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Chef Emerges in ‘Jeremiah Tower: The Last Magnificent’

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CHICAGO – The culture of food has never been more pervasive, from entire broadcast channels devoted to it, to new trends in eating being invented seemingly every day. Where did it all start? The new film ‘Jeremiah Tower: The Last Magnificent’ documents the chef that opened the door.

Produced by foodie guru Anthony Bourdain, the documentary explores this little-known chef – with the “last magnificent” title implying he may have been sprung from the gods – and exposes his journey through the use of re-creations of his childhood and career. The film has a dreamy quality to it, with flights of poetry also served up with the history of the elusive chef. Like the newspaper mogul in “Citizen Kane,” the documentary asks us to put the puzzle pieces of Tower’s life together, with no one piece being the key to his motivations. It comes down to “what becomes an unknown legend most?”

Jeremiah Tower starts his life as a lonely rich kid. His parents are indifferent to his odd and separated ways, and allows him to roam freely through his atmosphere of overseas travel, luxury hotels and cruise ships. This attachment to finery is the origin of his interest in food, as the kitchens of these various places always seem to be his destination.

The Lion in Winter in ‘Jeremiah Tower: The Last Magnificent’
Photo credit: The Orchard

He grows up aimlessly through the 1960s, always maintaining his interest in cooking, even as he matriculates through the war-protesting campus of Harvard University. Like many college graduates of the era, he ends up in California – specifically San Francisco – and begins his career as a chef and inventor of the “California Cuisine.”

There is no denying that the life of Jeremiah Tower (what a name, he was almost destined for notoriety) is a fascinating American story. His childhood is re-created by actors, and the director Lydia Tenaglia took some real care in these flashbacks. Tower’s early life of privilege is shown to be his blessing and curse, as his need to escape… which began a child… results in his “retirement” from the scene just as the era of the celebrity chef was emerging.

But among those celebrity cooks – Mario Batali, producer Bourdain and Martha Stewart add perspective – Tower is revered as the first chef to come out of the kitchen and inject his personality into his San Francisco eateries (called “Star”) to become as necessary as the cuisine he was inventing. His California cuisine was a major American food innovation, highlighting “fresh and local” and “farm to table” years before these restaurant characteristics were necessary to charge a 100% markup on the final bill.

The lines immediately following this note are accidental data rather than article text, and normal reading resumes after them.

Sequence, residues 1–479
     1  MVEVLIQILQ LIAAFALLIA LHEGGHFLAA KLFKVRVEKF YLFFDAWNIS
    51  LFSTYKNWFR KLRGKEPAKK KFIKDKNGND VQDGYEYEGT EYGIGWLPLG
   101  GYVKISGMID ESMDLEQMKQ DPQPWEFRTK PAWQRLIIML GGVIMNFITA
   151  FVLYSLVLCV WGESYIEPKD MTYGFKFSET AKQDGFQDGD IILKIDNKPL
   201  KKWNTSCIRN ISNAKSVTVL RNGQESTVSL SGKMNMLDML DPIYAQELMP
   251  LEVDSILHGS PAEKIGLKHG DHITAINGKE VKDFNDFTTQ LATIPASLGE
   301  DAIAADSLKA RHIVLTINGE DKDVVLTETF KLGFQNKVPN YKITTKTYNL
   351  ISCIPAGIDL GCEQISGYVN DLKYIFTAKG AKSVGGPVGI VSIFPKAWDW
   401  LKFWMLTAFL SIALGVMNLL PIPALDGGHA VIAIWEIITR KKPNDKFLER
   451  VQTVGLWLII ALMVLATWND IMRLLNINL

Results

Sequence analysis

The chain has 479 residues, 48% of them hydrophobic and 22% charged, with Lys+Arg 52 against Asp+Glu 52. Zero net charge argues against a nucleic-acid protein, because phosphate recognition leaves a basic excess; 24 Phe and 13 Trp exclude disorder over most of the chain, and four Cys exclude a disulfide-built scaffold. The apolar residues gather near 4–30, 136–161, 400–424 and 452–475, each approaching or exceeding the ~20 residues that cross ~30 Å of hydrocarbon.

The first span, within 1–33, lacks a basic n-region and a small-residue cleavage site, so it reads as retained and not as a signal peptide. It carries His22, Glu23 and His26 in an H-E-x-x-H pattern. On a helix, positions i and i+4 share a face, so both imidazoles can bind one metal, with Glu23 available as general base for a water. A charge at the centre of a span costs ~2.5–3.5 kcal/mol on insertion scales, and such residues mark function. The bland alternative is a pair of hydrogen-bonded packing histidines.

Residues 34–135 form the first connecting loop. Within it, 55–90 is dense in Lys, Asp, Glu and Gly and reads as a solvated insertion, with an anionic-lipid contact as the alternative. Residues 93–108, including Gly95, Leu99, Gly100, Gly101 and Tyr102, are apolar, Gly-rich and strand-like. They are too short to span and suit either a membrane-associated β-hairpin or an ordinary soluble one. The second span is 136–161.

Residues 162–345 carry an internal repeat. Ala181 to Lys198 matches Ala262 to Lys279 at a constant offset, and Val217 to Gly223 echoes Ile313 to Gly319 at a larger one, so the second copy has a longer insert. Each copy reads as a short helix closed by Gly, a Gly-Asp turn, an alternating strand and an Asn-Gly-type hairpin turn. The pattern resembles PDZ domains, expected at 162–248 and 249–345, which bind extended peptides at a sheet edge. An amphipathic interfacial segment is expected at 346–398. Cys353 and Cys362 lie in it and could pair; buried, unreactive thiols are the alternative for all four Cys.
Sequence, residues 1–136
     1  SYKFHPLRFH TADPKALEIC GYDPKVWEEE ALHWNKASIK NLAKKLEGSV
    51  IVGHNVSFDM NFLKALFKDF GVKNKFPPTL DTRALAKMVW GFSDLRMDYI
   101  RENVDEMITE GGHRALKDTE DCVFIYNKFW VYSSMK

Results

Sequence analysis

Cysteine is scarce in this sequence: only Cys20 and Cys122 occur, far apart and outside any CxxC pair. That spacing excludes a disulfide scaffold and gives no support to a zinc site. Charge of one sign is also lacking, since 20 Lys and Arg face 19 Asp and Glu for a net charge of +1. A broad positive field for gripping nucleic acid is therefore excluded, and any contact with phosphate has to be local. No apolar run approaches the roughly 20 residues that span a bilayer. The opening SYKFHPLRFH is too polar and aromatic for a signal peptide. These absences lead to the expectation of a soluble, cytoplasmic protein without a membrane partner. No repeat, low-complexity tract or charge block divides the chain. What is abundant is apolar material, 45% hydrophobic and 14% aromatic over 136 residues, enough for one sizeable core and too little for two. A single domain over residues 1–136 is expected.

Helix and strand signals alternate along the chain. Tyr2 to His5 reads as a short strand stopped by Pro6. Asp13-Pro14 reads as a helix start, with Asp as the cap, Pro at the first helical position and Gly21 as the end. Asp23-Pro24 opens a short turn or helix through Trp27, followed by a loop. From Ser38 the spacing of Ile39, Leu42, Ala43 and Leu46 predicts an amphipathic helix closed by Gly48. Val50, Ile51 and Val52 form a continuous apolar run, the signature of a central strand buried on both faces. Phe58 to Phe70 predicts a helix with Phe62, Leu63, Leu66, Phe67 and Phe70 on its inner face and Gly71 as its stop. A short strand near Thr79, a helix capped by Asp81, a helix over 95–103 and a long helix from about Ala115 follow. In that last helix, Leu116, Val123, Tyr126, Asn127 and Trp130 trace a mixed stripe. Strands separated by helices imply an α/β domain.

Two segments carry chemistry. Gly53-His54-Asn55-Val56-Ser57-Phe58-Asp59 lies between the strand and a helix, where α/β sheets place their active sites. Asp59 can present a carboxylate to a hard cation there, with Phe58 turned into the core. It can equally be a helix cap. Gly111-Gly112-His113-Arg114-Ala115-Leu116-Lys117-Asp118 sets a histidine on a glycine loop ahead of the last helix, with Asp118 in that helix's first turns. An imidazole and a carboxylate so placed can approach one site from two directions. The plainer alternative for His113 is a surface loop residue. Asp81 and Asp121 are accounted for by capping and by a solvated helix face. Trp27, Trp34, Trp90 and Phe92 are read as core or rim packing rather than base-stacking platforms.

Rosebud: A Flashback in ‘Jeremiah Tower: The Last Magnificent’
Photo credit: The Orchard

There are a bit too many talking heads in the documentary, and director Tenaglia’s Citizen Kane-style use of flashbacks could have been edited some more, but overall there is enough kick in the story to maintain interest. For his curtain call, Tower comes out of retirement to run the kitchen at the “tourist trap” Tavern on the Green in Central Park, New York City. Mostly what comes out of that situation is owners always know more than the experts they hire. But it was engaging to get all the build-up, and then experience the last act.

The explosion the food cult is entrenched in “First World” culture, from people going to fancy restaurants and taking pictures of their food, to the 24/7 channels that almost use food as pornography. In the land of plenty, there never seems to be enough, and maybe that’s the key puzzle piece to Jeremiah Tower’s life.

“Jeremiah Tower: The Last Magnificent” continues its limited release in Chicago on April 28th. See local listings for theaters and show times. Featuring interviews with Mario Batali, Martha Stewart, Anthony Bourdain and Jeremiah Tower. Directed by Lydia Tenaglia. Rated “R”

HollywoodChicago.com senior staff writer Patrick McDonald

Writer, Editorial Coordinator

© 2017 Patrick McDonald, HollywoodChicago.com

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